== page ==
Beginning to ask questions

Today I was at a team meeting. The majority of the team I belong to are described as, and classed as ‘developers’.  In the view of our customers, this implies they are essentially publishers who will put ‘the solution’ provided by the customer onto the intranet. As I’m one of the ones on the team who’ve made the transition to being regarded as a consultant I was asked to help the others to begin that transition.

I started by asking what kinds of request gave them that sinking feeling that ‘the customer wants X but it doesn’t feel right’ and what happened if they challenged it. The requests cited tended to be ‘put this workbook online exactly as it is’ or ‘make this interactive – you know, things to click, animations etc – make it interesting’. When they gave any alternative suggestions that involved a change of content or a different approach they got ‘too bad, it’s been signed off’ or ‘yes but it has to be live next week’. The internal team, being a non-chargeable resource, doesn’t feel its voice is listened to with the same attention as, say, an external developer charging many thousands of pounds.

 

I started by saying that we can’t blame customers who are asking for what they think elearning is – a linear tutorial with multiple choice questions either at the end or in the course of the screens. They ask for what they’ve seen before. So we begin by trying to open the door to questioning. Our manager suggested ‘What we’ve done before for something like this was …’ or ‘What we would usually do for a task like this is …’; once the door is open probe for what the real need is. Since expertise is often presented in terms of categories (or, less favourably, jargon) it helps to have a few categories at your fingertips such as:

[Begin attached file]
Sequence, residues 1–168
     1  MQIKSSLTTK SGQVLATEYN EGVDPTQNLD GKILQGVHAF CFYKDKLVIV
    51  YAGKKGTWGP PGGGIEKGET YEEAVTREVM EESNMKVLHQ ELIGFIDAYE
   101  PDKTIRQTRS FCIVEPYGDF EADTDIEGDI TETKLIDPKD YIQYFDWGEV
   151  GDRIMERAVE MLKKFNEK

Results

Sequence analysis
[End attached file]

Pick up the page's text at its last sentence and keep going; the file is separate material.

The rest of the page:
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  • a specific change in performance or behaviour
  • raising awareness or a general understanding (a push message)
  • an easy to use repository of reference material (a pull resource)
  • some form of measurement or assessment
  • a safe roleplay/practice environment
  • a tick in a compliance box with no real interest in the results
  • raising the profile of a particular manager

As Clive Shepherd has said, the methods of learning haven’t changed, just the media. If the customer has a training background you can use that to explore the methods they’d use if this were face to face. If a specific change in performance is the aim, Cathy Moore’s Activity Mapping can help stop it turning into an information onslaught. But first you need to gradually gain the credibility to be allowed to question. Some customers welcome a bit of engagement, some see it more like a copy typist suggesting a wholesale rewrite of my cherished report.

Our managers stated that as a fallback we have standards and aspirations to be a Centre of Excellence so they support us in not scribing to the web stuff that should be rewritten, restructured or rethought.  I hope I’ve helped giving them some of that confidence.